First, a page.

We have claimed benefits of lower-inertia wheels. Acceleration and climbing. Let’s do climbing first.

The rotational inertia has no effect on the ability to climb a hill. The most obvious way to show this using basic physics is to use simple conservation of energy principles, taking the system starting at the pedal down to the tire. Increases in the wheel mass have no effect on energy transfer. Any extra energy spent accelerating the wheel at increased periodic pedaling forces will be returned when the forces decrease in a “fly wheel” effect. Even still, this effect is so small that you would never notice (the mass of the total system dominates).

You do have this very small effect of just plain additional mass of the wheel, but this is just mass, so the rider’s bike makes it not make any difference. A pro may care, but the bike mass is fixed by the UCI. A pro should probably get wheels that roll easier or flex less. KOM wheels seem to be a stupid idea in this respect.

As far as acceleration effects, there is a slight difference, but it is so tiny it should probably be ignored. A quick fill in of the [Criterium Corner calculator], where I increase the rim mass by 500g, yields a 5cm gain over 100m. Aerodynamic forces most certainly seem more relevant.

This all leads to further bolstering of the benefits of larger diameter tires (up until the aerodynamics effects start hurting). I wonder how a rim designed for 25mm tires would fare (though the gains seem to be falling off anyway).

One other question: why do people list drag in grams? The unit should be a force. People used pounds, and figured grams would make it sound more scientific? I like the watts representation, as this is what people can relate to.
Jeff

Dear Jeff,
In an ideal system with no energy loss to wind drag, rolling resistance, chain and bearing friction (admittedly small), what you say about climbing is true. But given that those things do exist, inertia does matter when climbing, because NOBODY climbs with a smooth pedal stroke, especially on a steep climb. Everybody has constant variation in the angular velocity of their feet, meaning that the wheel is being accelerated many times per revolution, and if there is continual energy loss, you do not get it all back from the flywheel effect. I admit it is probably a vanishingly small distinction except on a windy day or on a dirt road (lots of rolling resistance).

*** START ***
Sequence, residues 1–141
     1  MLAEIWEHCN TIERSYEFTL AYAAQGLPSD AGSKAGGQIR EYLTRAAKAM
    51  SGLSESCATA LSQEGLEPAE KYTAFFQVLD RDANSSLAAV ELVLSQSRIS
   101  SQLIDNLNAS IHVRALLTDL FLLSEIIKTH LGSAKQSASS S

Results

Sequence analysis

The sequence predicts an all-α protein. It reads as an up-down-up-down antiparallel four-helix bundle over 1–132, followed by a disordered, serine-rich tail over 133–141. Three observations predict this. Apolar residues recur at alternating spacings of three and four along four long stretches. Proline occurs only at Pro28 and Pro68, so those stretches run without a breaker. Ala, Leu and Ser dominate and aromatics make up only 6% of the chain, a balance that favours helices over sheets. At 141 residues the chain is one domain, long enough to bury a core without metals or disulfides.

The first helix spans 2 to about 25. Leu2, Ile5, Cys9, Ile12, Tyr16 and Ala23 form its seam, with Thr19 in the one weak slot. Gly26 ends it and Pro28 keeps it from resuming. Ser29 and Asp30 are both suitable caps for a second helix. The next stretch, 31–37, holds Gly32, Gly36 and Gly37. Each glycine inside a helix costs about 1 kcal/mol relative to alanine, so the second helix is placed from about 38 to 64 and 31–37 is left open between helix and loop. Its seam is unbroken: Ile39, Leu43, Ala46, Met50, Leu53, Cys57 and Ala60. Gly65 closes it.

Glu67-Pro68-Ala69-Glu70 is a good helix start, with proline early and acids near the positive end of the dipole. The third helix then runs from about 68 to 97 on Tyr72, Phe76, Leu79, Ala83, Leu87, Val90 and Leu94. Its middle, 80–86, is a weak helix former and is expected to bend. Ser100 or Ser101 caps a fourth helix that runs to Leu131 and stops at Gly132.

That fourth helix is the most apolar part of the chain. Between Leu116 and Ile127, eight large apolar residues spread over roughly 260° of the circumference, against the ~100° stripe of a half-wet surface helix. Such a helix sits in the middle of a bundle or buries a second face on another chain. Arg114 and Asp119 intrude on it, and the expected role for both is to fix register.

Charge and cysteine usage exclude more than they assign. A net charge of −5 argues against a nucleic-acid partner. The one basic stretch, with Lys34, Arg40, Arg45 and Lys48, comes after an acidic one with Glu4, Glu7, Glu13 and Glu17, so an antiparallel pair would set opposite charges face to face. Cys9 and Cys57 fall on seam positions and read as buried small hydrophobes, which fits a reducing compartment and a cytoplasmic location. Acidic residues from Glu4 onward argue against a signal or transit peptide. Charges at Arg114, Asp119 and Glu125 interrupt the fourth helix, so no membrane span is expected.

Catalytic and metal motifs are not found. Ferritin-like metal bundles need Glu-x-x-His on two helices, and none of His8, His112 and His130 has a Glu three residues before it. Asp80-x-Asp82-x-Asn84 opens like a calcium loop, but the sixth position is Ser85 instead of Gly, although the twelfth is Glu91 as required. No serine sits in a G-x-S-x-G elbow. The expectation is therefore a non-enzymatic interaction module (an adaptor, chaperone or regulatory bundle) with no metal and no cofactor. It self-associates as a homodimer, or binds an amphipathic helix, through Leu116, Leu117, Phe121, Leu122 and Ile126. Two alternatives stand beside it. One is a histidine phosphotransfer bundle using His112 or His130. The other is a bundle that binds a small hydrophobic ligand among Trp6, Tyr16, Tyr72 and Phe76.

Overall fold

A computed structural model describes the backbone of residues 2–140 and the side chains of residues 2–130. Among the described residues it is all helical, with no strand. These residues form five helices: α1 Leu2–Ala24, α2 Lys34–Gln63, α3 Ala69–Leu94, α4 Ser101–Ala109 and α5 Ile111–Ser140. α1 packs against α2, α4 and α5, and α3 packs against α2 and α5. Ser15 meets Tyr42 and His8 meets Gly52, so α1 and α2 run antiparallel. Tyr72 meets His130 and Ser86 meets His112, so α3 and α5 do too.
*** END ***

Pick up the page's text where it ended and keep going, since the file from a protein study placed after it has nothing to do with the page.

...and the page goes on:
And when I said, “or to drag it up a hill,” I was making the assumption that the aero wheel was heavier as well as had more of its weight at the rim, and I should have said, “to have a lighter, lower-inertia rear wheel that requires less energy to accelerate or to drag it up a hill.” And of course your comments about the UCI bike-weight mandate apply to pros.

That’s an interesting result on your plug-in into Tom Compton’s Criterium Corner calculator. I wonder if that’s been (or could be) verified experimentally. Two inches (5cm) is not much, but I’m willing to bet that an extra two-inch gap off of the next rider’s wheel ahead does make more aerodynamic difference (resulting in greater energy cost) to the rider than the additional drag of a lighter, lower-inertia, non-aerodynamic rear wheel on the bike of a rider in a pack. And, in contrast to the discussion about climbing, there is no flywheel effect in a criterium corner, since the rider uses the brakes to slow down.